[singlepic id=26 w=320 h=240 float=right]Coco Chanel: born in 1883 lived a vanguard life, creating the brand Chanel, known for expensive simplicity such as the little black dress coupled with a strand of pearls. She designed beautiful garments and accessories changing the fashion industry forever. But her life was wrought with scandal and political views that would cause most Americans to abandon such affiliations. She used WWII and her discust for the Jewish people to send a message and while at the same time usurping Jewish control over her perfume line. She used her claim as an “Aryan” and petitioned her right to sole ownership, and archival documents note Chanel as a Nazi spy paid by the S.S..
In 1939 Chanel closed all of her stores due to the war, saying that war was no time for couture. It wasn’t until 1954 that she reentered the fashion world. She was 71.
“As early as 1915, Harper’s Bazaar raved over Chanel’s designs: “The woman who hasn’t at least one Chanel is hopelessly out of fashion…This season the name Chanel is on the lips of every buyer.”  Chanel’s ascendancy as a fashion avatar was the official deathblow to the corseted female silhouette. The frills, fuss, and constraints endured by earlier generations of women were now passé. Her genius redefined the fashionable woman for the post WW I era. The Chanel trademark was a look of youthful ease, a liberated physicality, and unencumbered sportive confidence.The horse culture and penchant for hunting so passionately pursued by the elites, especially the British, fired Chanel’s imagination. Her own enthusiastic indulgence in the sporting life led to clothing designs informed by those activities. From her excursions on water with the yachting world, she appropriated the clothing associated with nautical pursuits: the horizontal striped shirt, bell bottom pants, crewneck sweaters, and espadrille shoes—all traditionally worn by sailors and fishermen” (Wikipedia).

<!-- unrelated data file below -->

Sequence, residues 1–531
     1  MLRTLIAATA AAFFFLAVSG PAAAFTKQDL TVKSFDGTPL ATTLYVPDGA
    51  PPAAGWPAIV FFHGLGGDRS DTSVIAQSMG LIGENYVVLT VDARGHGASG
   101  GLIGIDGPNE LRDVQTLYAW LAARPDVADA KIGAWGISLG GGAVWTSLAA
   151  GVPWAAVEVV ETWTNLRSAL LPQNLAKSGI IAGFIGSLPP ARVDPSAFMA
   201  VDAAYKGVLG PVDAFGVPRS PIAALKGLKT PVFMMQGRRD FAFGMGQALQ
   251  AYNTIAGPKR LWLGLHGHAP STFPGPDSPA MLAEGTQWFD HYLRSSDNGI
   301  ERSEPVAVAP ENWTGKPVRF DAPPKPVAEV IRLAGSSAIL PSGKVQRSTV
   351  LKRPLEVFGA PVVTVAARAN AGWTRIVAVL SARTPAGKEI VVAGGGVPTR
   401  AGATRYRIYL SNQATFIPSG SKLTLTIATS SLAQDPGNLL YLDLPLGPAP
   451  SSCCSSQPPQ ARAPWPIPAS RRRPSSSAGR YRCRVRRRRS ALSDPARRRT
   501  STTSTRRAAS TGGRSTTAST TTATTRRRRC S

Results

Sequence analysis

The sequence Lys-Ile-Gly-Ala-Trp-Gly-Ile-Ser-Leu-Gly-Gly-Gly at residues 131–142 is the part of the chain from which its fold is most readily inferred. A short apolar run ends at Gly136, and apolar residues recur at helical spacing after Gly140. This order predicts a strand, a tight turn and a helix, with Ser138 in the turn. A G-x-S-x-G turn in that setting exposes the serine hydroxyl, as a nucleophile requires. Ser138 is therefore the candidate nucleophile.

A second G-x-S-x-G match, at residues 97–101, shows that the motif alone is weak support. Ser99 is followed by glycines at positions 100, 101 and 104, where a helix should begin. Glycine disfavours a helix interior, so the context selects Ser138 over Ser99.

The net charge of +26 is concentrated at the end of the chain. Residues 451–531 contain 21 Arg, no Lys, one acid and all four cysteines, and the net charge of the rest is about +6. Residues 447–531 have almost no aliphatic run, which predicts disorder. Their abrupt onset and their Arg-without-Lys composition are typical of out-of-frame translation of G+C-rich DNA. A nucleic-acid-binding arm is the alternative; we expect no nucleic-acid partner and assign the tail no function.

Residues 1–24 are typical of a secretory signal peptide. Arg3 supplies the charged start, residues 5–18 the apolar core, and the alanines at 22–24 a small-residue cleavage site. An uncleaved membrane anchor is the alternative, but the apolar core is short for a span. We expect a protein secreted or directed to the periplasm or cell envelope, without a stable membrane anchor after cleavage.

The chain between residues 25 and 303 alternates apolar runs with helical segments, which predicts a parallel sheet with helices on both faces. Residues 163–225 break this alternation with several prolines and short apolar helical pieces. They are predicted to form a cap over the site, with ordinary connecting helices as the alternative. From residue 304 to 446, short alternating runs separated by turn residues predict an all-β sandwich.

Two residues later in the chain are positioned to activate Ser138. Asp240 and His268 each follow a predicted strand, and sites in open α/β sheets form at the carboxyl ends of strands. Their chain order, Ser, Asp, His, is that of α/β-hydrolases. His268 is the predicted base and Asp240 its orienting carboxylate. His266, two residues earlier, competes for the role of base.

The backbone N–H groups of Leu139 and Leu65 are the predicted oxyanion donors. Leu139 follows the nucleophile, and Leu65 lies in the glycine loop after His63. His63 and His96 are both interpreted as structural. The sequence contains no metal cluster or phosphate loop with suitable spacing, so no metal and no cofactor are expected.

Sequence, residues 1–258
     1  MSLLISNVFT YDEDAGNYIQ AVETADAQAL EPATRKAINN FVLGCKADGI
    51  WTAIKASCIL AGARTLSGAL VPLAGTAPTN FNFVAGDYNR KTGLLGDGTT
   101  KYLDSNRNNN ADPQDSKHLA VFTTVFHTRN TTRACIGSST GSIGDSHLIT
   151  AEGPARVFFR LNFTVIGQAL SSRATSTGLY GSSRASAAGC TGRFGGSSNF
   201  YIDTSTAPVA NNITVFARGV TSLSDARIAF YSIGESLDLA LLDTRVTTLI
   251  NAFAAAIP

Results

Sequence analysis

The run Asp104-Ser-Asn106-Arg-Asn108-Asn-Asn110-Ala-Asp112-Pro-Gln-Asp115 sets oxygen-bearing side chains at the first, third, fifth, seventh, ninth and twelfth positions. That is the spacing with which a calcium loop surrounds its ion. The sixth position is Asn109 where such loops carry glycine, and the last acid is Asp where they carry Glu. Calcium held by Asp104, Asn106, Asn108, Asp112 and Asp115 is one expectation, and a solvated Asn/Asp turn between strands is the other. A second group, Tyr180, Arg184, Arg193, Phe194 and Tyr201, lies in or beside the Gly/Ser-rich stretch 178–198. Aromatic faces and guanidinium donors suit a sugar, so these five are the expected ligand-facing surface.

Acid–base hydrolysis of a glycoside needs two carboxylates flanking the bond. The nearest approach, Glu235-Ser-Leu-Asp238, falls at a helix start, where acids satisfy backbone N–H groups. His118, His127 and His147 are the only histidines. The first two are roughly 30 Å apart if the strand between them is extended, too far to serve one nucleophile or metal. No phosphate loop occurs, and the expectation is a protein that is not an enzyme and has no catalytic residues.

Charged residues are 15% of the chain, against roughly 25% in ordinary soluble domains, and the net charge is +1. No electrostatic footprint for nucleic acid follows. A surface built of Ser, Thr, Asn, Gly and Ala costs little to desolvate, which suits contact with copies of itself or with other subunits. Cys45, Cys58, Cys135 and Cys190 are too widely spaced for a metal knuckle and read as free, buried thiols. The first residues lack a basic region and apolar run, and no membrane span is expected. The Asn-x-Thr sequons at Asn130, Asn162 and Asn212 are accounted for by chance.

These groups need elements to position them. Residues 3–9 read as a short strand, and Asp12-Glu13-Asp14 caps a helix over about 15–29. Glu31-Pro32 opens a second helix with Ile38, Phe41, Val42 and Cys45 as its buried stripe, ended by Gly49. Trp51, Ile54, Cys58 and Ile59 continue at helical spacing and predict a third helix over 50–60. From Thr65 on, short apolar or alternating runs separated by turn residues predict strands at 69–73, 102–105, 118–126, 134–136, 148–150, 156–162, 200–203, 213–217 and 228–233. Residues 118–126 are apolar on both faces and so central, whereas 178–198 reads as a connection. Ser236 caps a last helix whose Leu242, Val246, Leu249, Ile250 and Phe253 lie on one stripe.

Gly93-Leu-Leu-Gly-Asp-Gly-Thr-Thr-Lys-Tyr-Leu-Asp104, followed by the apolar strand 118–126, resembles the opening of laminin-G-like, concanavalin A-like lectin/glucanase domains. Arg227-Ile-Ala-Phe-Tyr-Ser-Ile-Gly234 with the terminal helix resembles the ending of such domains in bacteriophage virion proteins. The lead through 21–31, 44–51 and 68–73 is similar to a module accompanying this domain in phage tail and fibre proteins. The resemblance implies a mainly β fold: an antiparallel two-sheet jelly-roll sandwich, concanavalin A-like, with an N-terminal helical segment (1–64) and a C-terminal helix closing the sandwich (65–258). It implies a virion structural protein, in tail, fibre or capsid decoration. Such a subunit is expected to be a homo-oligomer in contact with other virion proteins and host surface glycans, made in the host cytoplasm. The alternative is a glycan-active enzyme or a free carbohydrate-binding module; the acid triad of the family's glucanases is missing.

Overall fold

[singlepic id=27 w=320 h=240 float=left]Eleanor Roosevelt: “A woman is like a tea bag- you never know how strong she is until she gets in hot water.”
Married the Franklin D. Roosevelt, she was first lady from 1933-1945. She strongly supported the New Deal and was co-founder of Freedom House, supported the formation of United Nations and founded the UN Association of the United States, and a delegate to UN General Assembly.
Eleanor used her position as the First Lady to gain access to the media. She used that access to promote women’s self awareness. At the time, only a quarter of women worked and so she felt the media gave her access to the 74% of women who were isolated as homemakers. Vigilant in her task to communicate with women, she used three mediums to connect: press conferences, a daily newspaper column, and magazine articles – she wrote for Women’s Home Companion.
While her status as First Lady gave her a platform from which speak and gain authority in which to speak, she continued working in the communities she believed in. “Roosevelt received 48 honorary degrees during her life. Her first, a Doctor of Humane Letters or D.H.L. on June 13, 1929, was also the first honorary degree awarded by Russell Sage College in Troy, New York. Her last was a Doctor of Laws, LL.D. degree granted by what is now Clark Atlanta University in June 1962″ (Wikipedia).